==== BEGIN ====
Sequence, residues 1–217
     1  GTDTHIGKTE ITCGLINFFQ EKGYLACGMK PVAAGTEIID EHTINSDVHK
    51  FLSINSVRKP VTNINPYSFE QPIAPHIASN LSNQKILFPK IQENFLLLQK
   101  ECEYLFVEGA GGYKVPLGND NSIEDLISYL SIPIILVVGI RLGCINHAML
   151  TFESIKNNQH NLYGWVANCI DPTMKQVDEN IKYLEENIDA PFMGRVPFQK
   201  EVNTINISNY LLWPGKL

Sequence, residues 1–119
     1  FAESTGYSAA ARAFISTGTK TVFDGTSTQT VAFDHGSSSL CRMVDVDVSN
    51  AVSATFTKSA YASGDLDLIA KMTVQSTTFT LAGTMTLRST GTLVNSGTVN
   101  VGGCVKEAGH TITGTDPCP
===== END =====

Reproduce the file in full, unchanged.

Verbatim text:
Sequence, residues 1–217
     1  GTDTHIGKTE ITCGLINFFQ EKGYLACGMK PVAAGTEIID EHTINSDVHK
    51  FLSINSVRKP VTNINPYSFE QPIAPHIASN LSNQKILFPK IQENFLLLQK
   101  ECEYLFVEGA GGYKVPLGND NSIEDLISYL SIPIILVVGI RLGCINHAML
   151  TFESIKNNQH NLYGWVANCI DPTMKQVDEN IKYLEENIDA PFMGRVPFQK
   201  EVNTINISNY LLWPGKL

Sequence, residues 1–119
     1  FAESTGYSAA ARAFISTGTK TVFDGTSTQT VAFDHGSSSL CRMVDVDVSN
    51  AVSATFTKSA YASGDLDLIA KMTVQSTTFT LAGTMTLRST GTLVNSGTVN
   101  VGGCVKEAGH TITGTDPCP